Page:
Finally: A Congressional Gold Medal for the Famous ‘Ghost Army’ Whose Deceptions Fooled the Nazis

News & Politics

Congress awarded a long-overdue Congressional Gold Medal in 2022 to the “Ghost Army” of World War II, who carried out multiple battlefield deceptions that, in many cases, completely flummoxed the Nazis.


The group of seven surviving members received their Gold Medals in a ceremony at the U.S. Capitol on Thursday.

The Ghost Army’s mission was only declassified in 1996. Their operations saved between 15,000 and 30,000 lives according to Speaker Mike Johnson (R-La.), who presided over the ceremony.

“The actions of the Ghost Army helped change the course of the war for thousands of American and Allied troops and contributed to the liberation of a continent from a terrible evil,” Secretary of the Army Christine Wormuth said during the ceremony.

Seymour Nussenbaum, 100, of Monroe Township, N.J., was one of three surviving members to attend the ceremony.

“We have had in some cases people impersonating generals, putting on a general’s uniform and walking around the streets,” he said. The units also had “inflatables” like tanks and jeeps that, from the air or a distance, looked realistic.

Rick Beyer is a filmmaker, and author who helped bring the Ghost Army story to light in a 2013 documentary “The Ghost Army.” 

“They put themselves in harm’s way wielding imagination, bravado, and creativity in order that other soldiers might be able to fight and live,” Beyer told those gathered Thursday.


“This is a day that has been a long time coming, but it has been well worth the wait,” Beyer said.

NBC News:

The Ghost Army included about 1,100 soldiers in the 23rd Headquarters Special Troops, which carried out about 20 battlefield deceptions in France, Luxembourg, Belgium and Germany, and around 200 soldiers in the 3133rd Signal Company Special, which carried out two deceptions in Italy.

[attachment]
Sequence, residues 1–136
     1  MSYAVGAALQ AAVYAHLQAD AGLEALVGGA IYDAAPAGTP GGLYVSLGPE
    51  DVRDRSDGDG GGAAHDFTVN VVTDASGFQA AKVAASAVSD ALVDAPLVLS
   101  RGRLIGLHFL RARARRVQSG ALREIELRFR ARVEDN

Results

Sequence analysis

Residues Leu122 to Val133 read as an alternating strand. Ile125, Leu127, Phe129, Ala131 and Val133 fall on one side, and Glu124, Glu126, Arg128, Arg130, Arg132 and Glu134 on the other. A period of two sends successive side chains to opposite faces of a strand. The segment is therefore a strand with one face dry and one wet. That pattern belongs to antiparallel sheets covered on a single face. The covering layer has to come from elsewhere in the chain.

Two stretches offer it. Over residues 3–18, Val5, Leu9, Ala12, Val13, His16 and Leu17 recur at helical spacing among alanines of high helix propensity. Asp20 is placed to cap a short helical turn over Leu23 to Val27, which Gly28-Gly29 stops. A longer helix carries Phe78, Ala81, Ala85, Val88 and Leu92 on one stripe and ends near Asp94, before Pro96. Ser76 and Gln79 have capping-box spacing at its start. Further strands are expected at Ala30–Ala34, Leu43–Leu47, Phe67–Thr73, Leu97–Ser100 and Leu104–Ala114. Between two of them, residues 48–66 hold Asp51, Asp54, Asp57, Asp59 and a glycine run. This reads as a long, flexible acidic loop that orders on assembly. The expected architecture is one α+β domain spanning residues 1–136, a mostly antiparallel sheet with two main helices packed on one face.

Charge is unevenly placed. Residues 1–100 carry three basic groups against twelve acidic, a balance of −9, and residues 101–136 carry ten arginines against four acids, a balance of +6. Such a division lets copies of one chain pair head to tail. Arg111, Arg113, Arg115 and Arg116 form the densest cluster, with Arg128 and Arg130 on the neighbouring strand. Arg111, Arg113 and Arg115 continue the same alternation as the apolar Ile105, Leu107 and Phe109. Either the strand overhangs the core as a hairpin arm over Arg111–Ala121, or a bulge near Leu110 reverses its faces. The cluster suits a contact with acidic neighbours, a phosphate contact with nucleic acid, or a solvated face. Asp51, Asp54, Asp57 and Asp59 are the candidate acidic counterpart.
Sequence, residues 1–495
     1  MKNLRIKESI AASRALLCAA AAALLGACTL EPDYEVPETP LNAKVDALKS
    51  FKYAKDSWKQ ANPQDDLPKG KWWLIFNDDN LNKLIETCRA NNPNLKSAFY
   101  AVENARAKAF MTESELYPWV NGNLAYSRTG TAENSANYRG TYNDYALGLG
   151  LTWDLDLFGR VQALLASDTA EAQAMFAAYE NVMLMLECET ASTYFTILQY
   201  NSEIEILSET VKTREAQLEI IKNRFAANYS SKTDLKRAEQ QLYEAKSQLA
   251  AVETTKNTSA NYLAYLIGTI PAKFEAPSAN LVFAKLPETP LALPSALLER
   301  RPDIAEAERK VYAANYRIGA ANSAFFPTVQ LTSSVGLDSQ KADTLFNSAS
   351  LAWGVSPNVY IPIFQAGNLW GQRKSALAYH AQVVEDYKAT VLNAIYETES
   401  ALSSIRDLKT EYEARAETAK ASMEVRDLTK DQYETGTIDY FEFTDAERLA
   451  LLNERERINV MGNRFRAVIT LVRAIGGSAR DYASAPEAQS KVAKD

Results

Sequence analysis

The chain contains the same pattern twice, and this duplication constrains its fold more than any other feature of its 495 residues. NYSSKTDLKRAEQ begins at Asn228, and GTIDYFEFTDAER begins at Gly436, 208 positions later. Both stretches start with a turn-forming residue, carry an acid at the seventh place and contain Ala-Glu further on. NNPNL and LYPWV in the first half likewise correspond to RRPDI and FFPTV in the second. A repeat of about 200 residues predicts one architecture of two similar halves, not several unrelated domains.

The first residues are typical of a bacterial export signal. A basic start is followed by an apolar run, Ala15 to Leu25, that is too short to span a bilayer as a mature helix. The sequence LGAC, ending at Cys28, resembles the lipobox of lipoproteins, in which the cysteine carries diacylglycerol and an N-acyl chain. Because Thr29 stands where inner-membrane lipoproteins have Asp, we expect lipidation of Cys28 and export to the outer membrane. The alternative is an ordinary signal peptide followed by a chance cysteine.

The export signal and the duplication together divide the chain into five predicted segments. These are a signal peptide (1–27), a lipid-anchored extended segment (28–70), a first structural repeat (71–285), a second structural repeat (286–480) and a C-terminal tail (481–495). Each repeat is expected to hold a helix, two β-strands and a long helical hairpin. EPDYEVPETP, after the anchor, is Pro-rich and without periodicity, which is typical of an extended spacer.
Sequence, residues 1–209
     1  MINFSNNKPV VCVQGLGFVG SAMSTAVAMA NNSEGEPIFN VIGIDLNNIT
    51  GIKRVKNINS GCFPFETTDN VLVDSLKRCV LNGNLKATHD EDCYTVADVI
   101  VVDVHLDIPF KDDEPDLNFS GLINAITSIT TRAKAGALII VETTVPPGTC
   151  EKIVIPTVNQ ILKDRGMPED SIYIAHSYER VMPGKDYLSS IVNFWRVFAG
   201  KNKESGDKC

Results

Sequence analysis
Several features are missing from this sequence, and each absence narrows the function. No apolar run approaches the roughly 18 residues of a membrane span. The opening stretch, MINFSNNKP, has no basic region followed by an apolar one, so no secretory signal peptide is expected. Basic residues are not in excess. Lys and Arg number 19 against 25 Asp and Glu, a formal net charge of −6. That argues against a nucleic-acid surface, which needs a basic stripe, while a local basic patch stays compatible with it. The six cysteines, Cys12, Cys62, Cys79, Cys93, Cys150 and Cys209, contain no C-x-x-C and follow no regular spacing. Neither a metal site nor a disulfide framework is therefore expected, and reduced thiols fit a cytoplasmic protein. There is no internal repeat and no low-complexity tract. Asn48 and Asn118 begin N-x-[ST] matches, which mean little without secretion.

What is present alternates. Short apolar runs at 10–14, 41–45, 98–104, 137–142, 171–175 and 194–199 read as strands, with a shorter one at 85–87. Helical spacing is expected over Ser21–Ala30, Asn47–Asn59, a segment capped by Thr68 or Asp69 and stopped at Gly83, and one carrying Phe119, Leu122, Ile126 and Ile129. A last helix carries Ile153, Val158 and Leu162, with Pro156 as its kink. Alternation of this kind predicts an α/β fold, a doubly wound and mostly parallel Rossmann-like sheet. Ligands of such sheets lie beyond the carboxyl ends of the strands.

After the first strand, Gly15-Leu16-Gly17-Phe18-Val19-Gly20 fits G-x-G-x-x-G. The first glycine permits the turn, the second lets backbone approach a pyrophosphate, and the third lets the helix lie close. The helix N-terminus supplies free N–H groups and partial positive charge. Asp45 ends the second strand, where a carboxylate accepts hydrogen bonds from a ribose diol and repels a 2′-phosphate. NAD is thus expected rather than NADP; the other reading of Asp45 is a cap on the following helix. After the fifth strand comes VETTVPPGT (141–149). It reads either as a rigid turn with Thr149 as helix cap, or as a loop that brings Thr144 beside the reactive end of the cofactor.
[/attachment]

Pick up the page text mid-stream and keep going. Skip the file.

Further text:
One of the biggest missions, called Operation Viersen, came in March 1945 when the 23rd Headquarters Special Troops’ deception drew German units away from the point on the Rhine River where the 9th Army was actually crossing.

Operation Viersen was enormously complex with many moving parts that went off almost without a hitch.

“They had hundreds of inflatables set up,” Beyer said in an interview before the ceremony. “They had their sound trucks operating for multiple nights. They had other units attached to them. They had set up multiple phony headquarters and staffed them with officers who were pretending to be colonels.”

“This was an all-hands-on-deck affair and it was completely successful,” Beyer said. “It fooled the Germans. They moved their troops to the river opposite where the deception was.”


In many of these operations, the Ghost Army had literally no support. In September 1944, they filed into a gap in Patton’s army near the French city of Metz. They carried out a classic deception, making the Germans think the gap had been filled by combat troops. 

“They end up holding this part of the line for eight days, which is really long in terms of doing a deception, trying to keep up appearances,” Beyer said.

Surviving by their brains and wits, the Ghost Army deserves every accolade they get. This one was long overdue.

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